In the past five years, the Swat valley in Pakistan has become a haven for the Taliban. Suicide bombings are frequent, women are banned from shopping in public, adulterers can be stoned to death, and those who renounce the faith killed.
The Seeds of Peace project, run by our peacebuilding partner Aware Girls, is a brave band of young peace activists who reach out to local people and protect them from recruitment into extremist organisations. Here’s how they helped one Taliban fighter to leave violence behind and build a better future in peace.
Asif is a 28-year-old father of three children from a village in Swat. A pious man, he joined the Taliban back in 2008, but soon became horrified by the brutal acts he was obliged to commit, and fled. Terrified of being caught and punished, he took refuge in a town where no-one knew him.
A year later violence in Swat became so bad that the army moved in to restore order and Asif was able to return to his village. But he found that his community no longer accepted him. The violence of his past had caught up with him, and he was unable to find work. He faced a desperate choice. Unable to feed his family, Asif considered rejoining the Taliban, where at least he would earn a little money.
At this pivotal moment, Asif was approached by a young Seeds of Peace activist, Dawood, who lived in his village. Dawood’s father is an elder there who commands respect among all parties. Dawood called a village council, or jirga, at which Asif’s past and future were discussed by the community and its elders. In this traditional setting, Asif publicly renounced the Taliban and asked for forgiveness. He promised to live peacefully among his neighbours, and Dawood guaranteed this pledge.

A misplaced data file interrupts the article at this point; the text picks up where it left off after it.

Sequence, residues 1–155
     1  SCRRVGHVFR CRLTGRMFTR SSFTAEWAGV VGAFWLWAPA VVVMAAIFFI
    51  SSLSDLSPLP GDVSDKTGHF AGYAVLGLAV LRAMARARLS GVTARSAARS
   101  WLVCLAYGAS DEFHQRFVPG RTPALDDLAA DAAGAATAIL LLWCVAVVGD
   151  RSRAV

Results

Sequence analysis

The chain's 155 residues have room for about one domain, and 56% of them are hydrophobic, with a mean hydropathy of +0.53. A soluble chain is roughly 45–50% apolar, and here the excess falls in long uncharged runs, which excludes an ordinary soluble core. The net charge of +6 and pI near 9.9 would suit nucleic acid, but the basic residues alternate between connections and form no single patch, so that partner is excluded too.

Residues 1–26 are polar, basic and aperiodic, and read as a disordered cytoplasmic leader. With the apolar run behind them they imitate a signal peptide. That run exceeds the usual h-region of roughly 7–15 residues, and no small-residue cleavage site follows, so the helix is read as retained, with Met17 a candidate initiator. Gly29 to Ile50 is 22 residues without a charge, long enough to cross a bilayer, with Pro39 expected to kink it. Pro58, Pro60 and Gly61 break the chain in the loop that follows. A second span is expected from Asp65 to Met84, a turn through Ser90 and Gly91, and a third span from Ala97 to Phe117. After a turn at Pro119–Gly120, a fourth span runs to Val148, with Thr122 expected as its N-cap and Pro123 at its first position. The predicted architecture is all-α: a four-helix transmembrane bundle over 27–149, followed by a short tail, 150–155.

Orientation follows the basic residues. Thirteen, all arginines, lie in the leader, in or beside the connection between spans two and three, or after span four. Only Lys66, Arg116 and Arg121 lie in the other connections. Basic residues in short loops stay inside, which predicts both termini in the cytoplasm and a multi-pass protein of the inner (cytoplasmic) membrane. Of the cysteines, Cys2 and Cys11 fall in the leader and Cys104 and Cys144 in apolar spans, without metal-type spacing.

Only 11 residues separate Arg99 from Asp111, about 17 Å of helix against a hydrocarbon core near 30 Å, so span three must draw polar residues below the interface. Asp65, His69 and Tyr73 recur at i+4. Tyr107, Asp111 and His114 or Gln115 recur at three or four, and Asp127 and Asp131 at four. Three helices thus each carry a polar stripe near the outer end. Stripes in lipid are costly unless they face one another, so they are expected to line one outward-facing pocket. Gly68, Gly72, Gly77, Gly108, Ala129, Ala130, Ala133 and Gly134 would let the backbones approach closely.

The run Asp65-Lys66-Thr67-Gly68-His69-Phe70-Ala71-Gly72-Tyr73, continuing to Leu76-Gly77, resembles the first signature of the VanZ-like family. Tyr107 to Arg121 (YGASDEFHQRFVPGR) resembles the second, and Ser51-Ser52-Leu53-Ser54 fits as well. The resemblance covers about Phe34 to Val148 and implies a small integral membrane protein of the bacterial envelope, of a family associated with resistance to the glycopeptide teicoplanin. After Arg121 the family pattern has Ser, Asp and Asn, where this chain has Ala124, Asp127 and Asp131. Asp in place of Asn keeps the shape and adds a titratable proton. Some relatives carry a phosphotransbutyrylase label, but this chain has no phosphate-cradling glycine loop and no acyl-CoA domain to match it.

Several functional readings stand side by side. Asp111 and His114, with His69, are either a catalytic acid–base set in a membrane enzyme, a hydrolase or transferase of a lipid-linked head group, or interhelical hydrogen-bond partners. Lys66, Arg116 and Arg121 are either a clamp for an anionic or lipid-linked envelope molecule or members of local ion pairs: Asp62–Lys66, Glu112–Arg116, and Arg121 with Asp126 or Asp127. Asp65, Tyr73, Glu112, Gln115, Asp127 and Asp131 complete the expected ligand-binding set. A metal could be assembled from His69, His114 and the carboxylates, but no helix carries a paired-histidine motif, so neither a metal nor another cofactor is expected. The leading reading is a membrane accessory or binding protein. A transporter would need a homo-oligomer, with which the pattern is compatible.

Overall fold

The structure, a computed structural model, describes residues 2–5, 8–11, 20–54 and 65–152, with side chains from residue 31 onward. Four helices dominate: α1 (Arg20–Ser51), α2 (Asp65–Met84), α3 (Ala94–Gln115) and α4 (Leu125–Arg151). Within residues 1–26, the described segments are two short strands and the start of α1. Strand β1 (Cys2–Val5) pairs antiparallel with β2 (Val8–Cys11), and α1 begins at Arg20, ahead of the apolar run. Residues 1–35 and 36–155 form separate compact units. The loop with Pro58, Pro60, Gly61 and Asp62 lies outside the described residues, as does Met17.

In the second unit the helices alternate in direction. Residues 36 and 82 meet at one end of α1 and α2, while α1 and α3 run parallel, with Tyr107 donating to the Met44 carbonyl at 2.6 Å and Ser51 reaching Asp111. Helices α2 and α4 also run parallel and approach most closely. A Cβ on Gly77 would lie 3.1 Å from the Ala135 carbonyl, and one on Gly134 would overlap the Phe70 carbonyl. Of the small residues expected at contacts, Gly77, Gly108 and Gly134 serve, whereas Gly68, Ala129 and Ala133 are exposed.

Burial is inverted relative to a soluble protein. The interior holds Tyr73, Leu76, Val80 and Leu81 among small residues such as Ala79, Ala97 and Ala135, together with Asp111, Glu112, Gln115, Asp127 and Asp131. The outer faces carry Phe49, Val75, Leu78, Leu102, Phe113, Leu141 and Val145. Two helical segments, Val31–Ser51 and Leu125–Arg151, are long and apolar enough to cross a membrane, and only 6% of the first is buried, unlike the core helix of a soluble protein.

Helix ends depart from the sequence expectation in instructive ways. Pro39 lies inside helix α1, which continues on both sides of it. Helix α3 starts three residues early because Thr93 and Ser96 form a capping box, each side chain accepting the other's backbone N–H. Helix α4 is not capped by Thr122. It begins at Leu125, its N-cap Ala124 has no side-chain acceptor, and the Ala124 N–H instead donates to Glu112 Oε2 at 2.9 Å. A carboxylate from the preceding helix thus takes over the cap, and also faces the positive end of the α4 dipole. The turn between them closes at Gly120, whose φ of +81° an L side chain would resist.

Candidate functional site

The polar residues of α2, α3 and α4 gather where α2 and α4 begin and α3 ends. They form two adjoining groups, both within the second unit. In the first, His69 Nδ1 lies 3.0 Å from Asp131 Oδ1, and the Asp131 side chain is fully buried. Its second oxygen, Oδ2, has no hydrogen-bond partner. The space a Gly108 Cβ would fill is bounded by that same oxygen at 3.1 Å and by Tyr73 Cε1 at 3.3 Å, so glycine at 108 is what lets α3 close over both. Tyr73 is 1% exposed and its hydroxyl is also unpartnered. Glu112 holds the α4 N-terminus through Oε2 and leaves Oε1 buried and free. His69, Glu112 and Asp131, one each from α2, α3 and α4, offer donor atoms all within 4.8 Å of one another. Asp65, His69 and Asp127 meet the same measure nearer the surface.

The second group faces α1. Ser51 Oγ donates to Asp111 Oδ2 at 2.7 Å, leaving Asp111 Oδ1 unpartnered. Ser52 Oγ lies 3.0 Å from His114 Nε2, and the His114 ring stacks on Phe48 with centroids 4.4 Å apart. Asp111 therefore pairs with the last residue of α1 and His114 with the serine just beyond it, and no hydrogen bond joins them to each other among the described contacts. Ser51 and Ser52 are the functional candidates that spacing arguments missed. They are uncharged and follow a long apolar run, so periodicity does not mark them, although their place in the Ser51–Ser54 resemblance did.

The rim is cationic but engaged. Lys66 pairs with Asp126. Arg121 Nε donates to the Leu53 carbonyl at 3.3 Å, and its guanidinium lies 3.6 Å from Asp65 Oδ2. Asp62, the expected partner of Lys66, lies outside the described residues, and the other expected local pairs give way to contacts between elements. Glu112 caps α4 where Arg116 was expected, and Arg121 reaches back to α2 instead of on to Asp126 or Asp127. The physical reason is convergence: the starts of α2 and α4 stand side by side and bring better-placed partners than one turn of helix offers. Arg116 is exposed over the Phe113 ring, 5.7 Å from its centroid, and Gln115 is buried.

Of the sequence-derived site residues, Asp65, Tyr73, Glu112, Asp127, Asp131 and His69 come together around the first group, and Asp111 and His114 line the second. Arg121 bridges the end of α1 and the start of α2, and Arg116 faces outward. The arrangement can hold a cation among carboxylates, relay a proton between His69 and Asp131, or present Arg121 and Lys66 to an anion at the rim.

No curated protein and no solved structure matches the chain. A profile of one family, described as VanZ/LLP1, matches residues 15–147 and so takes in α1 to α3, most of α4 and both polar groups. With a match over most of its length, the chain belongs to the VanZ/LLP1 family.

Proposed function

A gift of $31 could help train one Seeds of Peace volunteer in conflict resolution and leadership skills.
Ex-fighters need more than promises to live on. So Dawood helped Asif to set up a cattle rearing business. Now Asif can feed his family, and the Taliban are far from his thoughts. He has even removed his children from an extremist religious school and sent them to a local one instead. The cycle of violence has been broken.
In Pakistan, many provinces are beyond the reach of the international organisations – and many communities respond best to local approaches, from people they know and trust, like Dawood at the jirga. In our experience, local peacebuilders like this are the key to resolving conflicts and preventing violence. They are respected, knowledgeable and close to the conflict. Their work is the best way to break recurrent cycles of violence and build a sustainable peace.
A gift of $78 could protect 15 young people from recruitment into extremist organisations.
With your help, we can break cycles of violence and save lives. Please give whatever you can afford.
Hommage à Flory
C'est avec une grande tristesse que nous partageons la nouvelle que l'ami et collègue de Peace Direct, le pasteur Floribert (Flory) Kazingufu, est décédé le 2 mars 2023 à Bujumbura, au Burundi. Flory était le coordinateur de la Fondation Chirezi (FOCHI). Read more »
It is with great sadness that we share the news that Peace Direct’s friend and colleague, Pastor Floribert (Flory) Kazingufu, passed away on 2 March 2023 in Bujumbura, Burundi. Flory was the Coordinator of Fondation Chirezi (FOCHI), based in eastern DRC. Read more »